Signpost (Weber, Utah), 1984-02-281
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O Weber State College INSIDE... Tune in to KWCR FM 88. For the story see the Signature section starting on page 7. Vol. 44 No. 35 Tuesday, February 28, 1984 JUUVi J u u The Ogden Fire Dept. responded to a false alarm at 3:30 a.m. Saturday morning at WSCs Promontory Tower. Marty Mobley, resident assistant of the 9th floor, who was on duty at the time, said a glass covering was broken and the alarm pulled in the lobby of Promontory Tower. Mobley said that the protective Signpost photoBob George covers had been put in barely a month ago. "It aggravates students having to get out of bed when they know it's probably a fake alarm," said Mobley. He said that although there have been several false alarms this year, they haven't been as numerous as in the past. "We have had good luck this year," he said. Not much time for academic research Research Bows To Teaching Editor's Note: The following story is the first of a two-part series exploring the emphasis or lack of emphasis on academic research by WSC faculty. by Shirly Parker Staff Reporter Weber State is a teaching college, not a research institution, so, with their 12 hours per quarter teaching loads, are professors also required, to do research and have it published? The answer is yes, that is, if they would like to be promoted or to be awarded tenure. "The requirement to publish is a college-wide requirement approved by the college tenure and promotion committees," said Dr. Sherwin W. Howard, dean of the school of Arts and Humanities. Professors should be able to provide evidence that their work has appeared in "regional or national refereed publications," he added. A refereed publication is " a journal where three or four other scholars have reviewed the article to say it's good enough to be published." WSC professors are therefore, under some pressure to do research. How much this pressure is felt varies with the personality and circumstances of the individual but it appears to be always there. Howard pointed out, however, that "the pressure to publish at WSC is miniscule compared to research institutions like the University of Utah. I might not teach at all at the University of Utah. But that's why WSC is such a good teaching institution. The emphasis here is on teaching." The word "research" encompasses both keeping up with current events so as to keep lectures fresh and students informed, and developing new knowledge or creating a new product. In the area of art, for example, a faculty member who is creating new works and exhibiting them is counted as the equivalent of publishing, according to Howard. On the subject of pressure, Dr. Robert B. Smith, vice president for academic affairs, said, "It is my perception that professors are not under a lot of pressure to do disciplinary research. Of course, expectations and values vary quite a bit from department to department around the campus. The reward system has changed in the last few years. My desire," he continued, "is that every faculty member be professionally alive and active in some way in order to keep up with what they're teaching." Professors are not expected to do any specific amount of research or publication at Weber State, said Dr. Eugene G. Bozniak, chairman of the department of botany and member of the Faculty Senate. "There is more research being done today here than ten years ago, a lot more. There's a greater committment and this is a healthy trend. We're aware of the 'publish or perish' pressure at large research universities, and part of the attraction of Weber State is that we don't have to take on pressure to qualify." Dr. Lawrence C. Evans, former dean of the school of social sciences and former chairman of the political science and philosophy department pointed out that pure research is not permitted at Weber State. The Board of Regents says that WSC faculty, "should stick to teaching-related research," he said. Evans feels that "a lot of things can be done under that heading," however. "Any time spent doing research in philosophy helps me as a teacher," said Evans. "That kind of research is a necessary condition of becoming a Master Teacher, in President Brady's words. Some people don't see how writing a Master's thesis, for example, can help them become a good teacher or a better teacher. But all that work and research adds critically to a person's depth and breadth." Evans has been on the WSC faculty since 1946. To the observer, there often seems to be little see "Research" cont'd, on page 3 Ad Hoc Proposal To Restructure Nears Vote by Joan Wilcox Editor-in-Chief The ASWSC ad hoc committee, that has been meeting throughout the quarter to restructure ASWSC, has completed its discussions and will issue its final proposal by the end of this quarter. The restructure proposal includes a consolidation of the six vice president positions into two, the separation and distinction of the legislative and executive powers, and the expansion of student representation in the student senate. Traditionally, the ASWSC executive branch has consisted of a president and six vice presidents. The ad hoc committee has proposed that the conflict of interest and duplication of duties that often occurs among these vice presidents can be eliminated if the positions are cut from six to two: an academic vice president and a student services vice president. Brad Howell, ASWSC president, said the ad hoc committee's proposal will serve to "consolidate interests as well as positions, hoping that three people (the president and two vice presidents) can function as executives better than seven can (a president and six vice presidents)." This consolidation will open the way for a finer distinction between the executive and legislative powers of student government. Currently, the executive officers make up the legislative council, which has most of the decision-making power, and they have, in effect, usurped the power of the student senate. The ad hoc committee proposal will reassign the legislative powers back to the student senate. Under the new structure, the student senate will reassume legislative powers, including funding decisions. The budget will continue to be drawn up by the executive officers, but it will be subject to the senate's approval. Howell said that this proposal will be "reverting the senate back to the the way it was generally intended to function. Through time and tradition," he said, "the legislative council, "which is the executive body, has taken over the legislative duties." Howell said that if the new proposal is accepted, the senate will be given more responsibility and that this will expand student representation by giving the senate more power to make decisions and set policy. . Another major change suggested by the ad hoc committee is that the number of student senators be increased. In addition to the traditional senator from each school, various campus groups will be allowed senate representation. The criteria for senate representation has not been finalized by the committee at this time but will be explained in its report. That final proposal should be forthcoming in the next two weeks as Howell indicated that the committee has an end-of-quarter deadline. The proposal will be put to a referendum vote of the student body during the first week or so of spring quarter. In order to be adopted, the proposal will need a two-thirds majority vote.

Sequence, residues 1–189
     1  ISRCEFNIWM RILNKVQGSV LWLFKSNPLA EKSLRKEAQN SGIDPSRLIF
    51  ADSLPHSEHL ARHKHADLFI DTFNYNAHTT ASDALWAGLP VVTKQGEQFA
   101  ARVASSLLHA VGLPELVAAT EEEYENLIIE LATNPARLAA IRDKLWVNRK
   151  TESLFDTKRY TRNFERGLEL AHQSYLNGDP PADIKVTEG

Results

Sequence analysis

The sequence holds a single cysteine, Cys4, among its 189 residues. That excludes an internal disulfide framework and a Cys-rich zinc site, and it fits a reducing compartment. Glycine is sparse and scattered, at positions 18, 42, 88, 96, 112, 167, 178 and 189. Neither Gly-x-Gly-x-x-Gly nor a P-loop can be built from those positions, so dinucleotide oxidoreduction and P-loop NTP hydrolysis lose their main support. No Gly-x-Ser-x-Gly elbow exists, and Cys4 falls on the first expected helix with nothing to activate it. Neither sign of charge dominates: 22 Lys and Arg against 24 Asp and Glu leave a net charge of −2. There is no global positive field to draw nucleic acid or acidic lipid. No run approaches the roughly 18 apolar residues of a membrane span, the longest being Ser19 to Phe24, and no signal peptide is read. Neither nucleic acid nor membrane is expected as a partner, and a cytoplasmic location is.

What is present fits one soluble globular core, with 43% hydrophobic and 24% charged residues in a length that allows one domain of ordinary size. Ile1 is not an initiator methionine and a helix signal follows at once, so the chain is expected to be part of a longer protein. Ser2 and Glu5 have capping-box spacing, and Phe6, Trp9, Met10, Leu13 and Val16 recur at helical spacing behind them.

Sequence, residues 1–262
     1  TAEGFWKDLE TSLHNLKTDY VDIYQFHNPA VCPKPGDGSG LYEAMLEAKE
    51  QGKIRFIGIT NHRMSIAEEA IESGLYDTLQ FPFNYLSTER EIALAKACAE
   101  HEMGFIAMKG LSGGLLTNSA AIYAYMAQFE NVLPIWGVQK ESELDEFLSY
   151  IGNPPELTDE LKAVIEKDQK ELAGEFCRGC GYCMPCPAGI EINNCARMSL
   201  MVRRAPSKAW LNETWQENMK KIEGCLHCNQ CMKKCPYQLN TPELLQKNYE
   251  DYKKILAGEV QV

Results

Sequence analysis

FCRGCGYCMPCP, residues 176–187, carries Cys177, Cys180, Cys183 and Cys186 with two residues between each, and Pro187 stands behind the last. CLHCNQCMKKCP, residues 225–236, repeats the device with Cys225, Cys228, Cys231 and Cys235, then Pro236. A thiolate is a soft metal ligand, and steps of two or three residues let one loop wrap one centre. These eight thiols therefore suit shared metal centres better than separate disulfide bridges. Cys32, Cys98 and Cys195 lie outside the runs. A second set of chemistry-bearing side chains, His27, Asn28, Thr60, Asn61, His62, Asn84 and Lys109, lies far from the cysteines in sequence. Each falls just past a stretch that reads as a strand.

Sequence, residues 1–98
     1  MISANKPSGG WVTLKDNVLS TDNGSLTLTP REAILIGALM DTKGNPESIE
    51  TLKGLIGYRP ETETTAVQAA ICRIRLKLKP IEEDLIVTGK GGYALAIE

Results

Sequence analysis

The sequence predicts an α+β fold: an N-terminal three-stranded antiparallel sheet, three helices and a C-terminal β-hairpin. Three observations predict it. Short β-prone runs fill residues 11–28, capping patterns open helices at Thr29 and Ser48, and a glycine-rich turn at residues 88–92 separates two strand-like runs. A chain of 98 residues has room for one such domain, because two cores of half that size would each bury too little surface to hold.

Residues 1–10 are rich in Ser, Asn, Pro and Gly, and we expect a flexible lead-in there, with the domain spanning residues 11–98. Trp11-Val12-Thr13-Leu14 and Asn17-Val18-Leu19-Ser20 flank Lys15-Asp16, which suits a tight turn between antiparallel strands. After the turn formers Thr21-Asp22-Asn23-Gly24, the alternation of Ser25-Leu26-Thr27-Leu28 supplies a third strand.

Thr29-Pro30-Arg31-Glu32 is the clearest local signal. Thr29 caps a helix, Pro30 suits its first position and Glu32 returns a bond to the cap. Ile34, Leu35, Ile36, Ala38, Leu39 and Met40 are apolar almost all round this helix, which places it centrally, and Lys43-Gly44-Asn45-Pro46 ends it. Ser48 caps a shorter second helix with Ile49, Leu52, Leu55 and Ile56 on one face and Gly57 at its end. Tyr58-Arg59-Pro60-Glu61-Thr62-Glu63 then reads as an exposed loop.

|Title||Signpost (Weber, Utah), 1984-02-28, Vol. 44, No. 35|
|Creator||Weber State College|
|Contributors||Associated Students of Weber College|
|Description||Weber's current student newspaper, the Signpost, first appeared on September 29, 1937. For two years prior to that time, campus news was disseminated via announcements posted on a bulletin board known as the "Signpost". As a result, the masthead of the first issue of the paper itself featured a rudimentary wooden sign with the title spelled out in rustic-looking letters. Over the years the paper has been published continuously, though the look, size and style has changed several times.|
|Subject||College student newspapers and periodicals; Weber State College|
|Publisher Digital||Stewart Library, Weber State University|
|Source||University Archives LD5893.W55 S5, Stewart Library, Weber State University|
|Rights Management||Public Domain. Courtesy of University Archives, Stewart Library, Weber State University.|